Go to the Globe and Mail homepage

Jump to main navigationJump to main content

AdChoices
Finance Minister Joe Oliver addresses the Australia-Canada Economic Leadership Forum in Vancouver, B.C., on Tuesday July 7, 2015. (DARRYL DYCK/THE CANADIAN PRESS)
Finance Minister Joe Oliver addresses the Australia-Canada Economic Leadership Forum in Vancouver, B.C., on Tuesday July 7, 2015. (DARRYL DYCK/THE CANADIAN PRESS)

Bank of Canada forecast threatens Conservatives’ balanced budget Add to ...

The Conservative government’s heralded return to balanced books is suddenly at risk as the Bank of Canada projects significantly slower growth for 2015.

The Bank’s Monetary Policy Report forecasted Wednesday that the Canadian economy contracted in the first half of the year and will grow by just 1.1 per cent for 2015 as a whole. That’s down from the bank’s April forecast of 1.9-per-cent growth in 2015.

Should that latest forecast prove to be accurate, economists say it would put the federal government’s $1.4-billion surplus for 2015-16 at risk of turning into a deficit.

The April federal budget, which was based on an assumption of 2-per-cent growth for 2015, includes a rough estimate that said a one-year, one-percentage point decrease in economic growth would trim $4.1-billion from Ottawa’s bottom line.

Bank of Montreal chief economist Doug Porter said there are some small, positive offsetting factors like lower interest costs, but overall he estimates that such growth figures would hurt the federal bottom line by about $3-billion.

“This could just push them into a small deficit for the current fiscal year, but it’s very close,” said Mr. Porter. Toronto Dominion Bank economist Randall Bartlett said lower growth will have an impact.

“It will make it challenging for them to have a surplus this year,” he said.

The Conservatives have made the return to balance a key political priority, even though economists say there is little real significance as to whether Canada runs a small surplus or a small deficit.

The 2015 budget was focused on delivering tax cuts first promised in the 2011 campaign that were contingent on a return to federal surpluses.

The Conservative Party is promoting itself as the best option for economic management ahead of the October 19 election, but opposition parties argue this year’s downturn shows the government’s policies have not worked.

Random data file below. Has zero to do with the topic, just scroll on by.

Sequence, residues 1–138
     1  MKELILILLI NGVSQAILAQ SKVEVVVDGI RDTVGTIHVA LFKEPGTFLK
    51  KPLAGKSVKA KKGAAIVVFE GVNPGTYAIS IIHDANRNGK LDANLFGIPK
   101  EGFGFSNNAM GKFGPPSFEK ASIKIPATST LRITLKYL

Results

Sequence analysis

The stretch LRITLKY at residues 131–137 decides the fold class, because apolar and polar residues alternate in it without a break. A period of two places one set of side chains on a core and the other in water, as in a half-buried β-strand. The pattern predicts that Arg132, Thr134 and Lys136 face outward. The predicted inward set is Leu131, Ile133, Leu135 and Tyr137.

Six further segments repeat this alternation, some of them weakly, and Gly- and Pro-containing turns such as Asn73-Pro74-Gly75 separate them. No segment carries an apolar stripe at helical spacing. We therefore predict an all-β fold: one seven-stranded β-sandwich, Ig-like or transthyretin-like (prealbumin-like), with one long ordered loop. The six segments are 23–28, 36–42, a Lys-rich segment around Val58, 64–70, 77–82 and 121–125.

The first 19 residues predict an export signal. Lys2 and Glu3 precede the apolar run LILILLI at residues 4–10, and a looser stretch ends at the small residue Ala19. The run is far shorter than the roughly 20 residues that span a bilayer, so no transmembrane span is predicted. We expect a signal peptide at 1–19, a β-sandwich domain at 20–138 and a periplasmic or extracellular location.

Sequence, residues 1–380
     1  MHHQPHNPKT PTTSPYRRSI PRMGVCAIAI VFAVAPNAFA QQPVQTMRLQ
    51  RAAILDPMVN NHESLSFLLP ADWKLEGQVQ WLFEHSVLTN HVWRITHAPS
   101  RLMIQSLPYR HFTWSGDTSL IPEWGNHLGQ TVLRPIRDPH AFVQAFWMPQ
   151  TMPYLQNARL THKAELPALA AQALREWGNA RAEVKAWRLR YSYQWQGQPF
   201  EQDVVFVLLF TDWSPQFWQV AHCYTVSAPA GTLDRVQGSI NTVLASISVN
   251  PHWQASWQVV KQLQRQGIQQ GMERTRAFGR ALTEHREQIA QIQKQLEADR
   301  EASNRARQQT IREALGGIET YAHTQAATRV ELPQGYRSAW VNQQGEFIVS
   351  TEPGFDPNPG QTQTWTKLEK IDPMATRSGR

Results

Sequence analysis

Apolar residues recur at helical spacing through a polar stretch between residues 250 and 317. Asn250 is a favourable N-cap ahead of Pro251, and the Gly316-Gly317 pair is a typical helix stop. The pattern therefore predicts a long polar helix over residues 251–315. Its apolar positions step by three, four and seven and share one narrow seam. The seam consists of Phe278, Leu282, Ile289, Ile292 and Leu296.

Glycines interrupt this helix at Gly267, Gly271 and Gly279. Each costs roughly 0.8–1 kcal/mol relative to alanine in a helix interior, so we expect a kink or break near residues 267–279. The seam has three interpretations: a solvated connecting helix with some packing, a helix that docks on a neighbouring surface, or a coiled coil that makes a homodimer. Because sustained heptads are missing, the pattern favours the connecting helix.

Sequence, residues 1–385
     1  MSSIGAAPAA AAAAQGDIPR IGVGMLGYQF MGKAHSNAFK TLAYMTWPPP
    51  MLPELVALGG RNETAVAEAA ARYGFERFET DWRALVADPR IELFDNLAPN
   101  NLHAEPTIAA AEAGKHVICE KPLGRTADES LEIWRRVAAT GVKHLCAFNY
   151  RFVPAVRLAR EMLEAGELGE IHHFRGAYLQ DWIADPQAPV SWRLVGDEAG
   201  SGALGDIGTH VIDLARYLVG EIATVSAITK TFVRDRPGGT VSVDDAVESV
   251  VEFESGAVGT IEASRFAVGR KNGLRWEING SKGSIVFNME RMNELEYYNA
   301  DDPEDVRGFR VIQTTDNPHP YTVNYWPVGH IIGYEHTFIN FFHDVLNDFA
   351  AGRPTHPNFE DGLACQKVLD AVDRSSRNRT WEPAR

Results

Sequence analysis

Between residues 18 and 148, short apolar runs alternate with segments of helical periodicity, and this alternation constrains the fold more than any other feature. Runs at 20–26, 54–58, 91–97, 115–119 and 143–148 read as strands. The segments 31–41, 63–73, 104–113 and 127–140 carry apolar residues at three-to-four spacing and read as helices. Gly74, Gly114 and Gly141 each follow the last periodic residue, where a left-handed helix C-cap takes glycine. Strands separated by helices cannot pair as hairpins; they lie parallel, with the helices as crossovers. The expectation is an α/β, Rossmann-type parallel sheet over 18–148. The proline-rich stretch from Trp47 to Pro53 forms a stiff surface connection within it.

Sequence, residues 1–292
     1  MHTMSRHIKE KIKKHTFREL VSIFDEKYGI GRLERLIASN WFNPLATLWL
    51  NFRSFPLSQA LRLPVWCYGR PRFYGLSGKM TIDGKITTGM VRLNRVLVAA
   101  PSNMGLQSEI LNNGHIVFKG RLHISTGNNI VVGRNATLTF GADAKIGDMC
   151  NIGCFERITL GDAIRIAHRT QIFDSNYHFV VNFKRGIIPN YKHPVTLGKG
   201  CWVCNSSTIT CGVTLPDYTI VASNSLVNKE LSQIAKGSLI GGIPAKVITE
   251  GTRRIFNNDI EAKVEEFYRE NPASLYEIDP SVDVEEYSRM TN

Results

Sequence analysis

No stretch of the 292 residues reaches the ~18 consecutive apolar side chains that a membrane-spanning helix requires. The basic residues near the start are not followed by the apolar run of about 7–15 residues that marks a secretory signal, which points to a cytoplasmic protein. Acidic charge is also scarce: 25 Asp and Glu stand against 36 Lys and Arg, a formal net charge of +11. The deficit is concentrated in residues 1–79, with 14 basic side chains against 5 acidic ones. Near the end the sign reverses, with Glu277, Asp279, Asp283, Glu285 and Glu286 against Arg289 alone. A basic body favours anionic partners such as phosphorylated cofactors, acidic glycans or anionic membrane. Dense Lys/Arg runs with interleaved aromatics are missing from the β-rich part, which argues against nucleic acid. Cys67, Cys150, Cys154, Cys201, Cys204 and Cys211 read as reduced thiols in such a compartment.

Whether the federal government actually posts a surplus in 2015-16 won’t be known for sure until the fall of 2016, well after this year’s election.

Finance Minister Joe Oliver is standing by the government’s timeline. The minister’s spokesperson, Melissa Lantsman, said the government “remains on track for a balanced budget in 2015.”

Prime Minister Stephen Harper’s spokesperson Stephen Lecce released a politically charged statement in the wake of the central bank’s report claiming that the global economy “is being dragged down by forces beyond our borders.” Mr. Lecce warned against the “unnecessary risks” of the NDP and Liberal economic polices.

“Justin Trudeau is just not ready to be Prime Minister,” wrote Mr. Lecce of the Liberal Leader before focusing on the NDP Leader. “Thomas Mulcair is offering the same high-tax, high-debt policies that created the type of chaos we see in Greece today.”

NDP MP Guy Caron said the Conservatives are to blame for failing to change course in response to falling oil prices. He noted that the Prime Minister announced a major package of tax cuts in the fall of 2014 – including enhanced child-benefit payments and income splitting for parents with children under 18 – yet chose not to delay or scale back those measures with the April budget when economic circumstances changed.

“They have been asleep at the wheel,” said Mr. Caron.

Liberal MP Ralph Goodale said the federal government’s fiscal policies are undermining the bank’s efforts to promote economic growth.

“It’s clear that they are just doubling down on the current set of policies, which are currently failing,” he said.

Report Typo/Error

Follow on Twitter: @curryb

Next story

loading

Trending

loading

Most popular videos »

More from The Globe and Mail

Most popular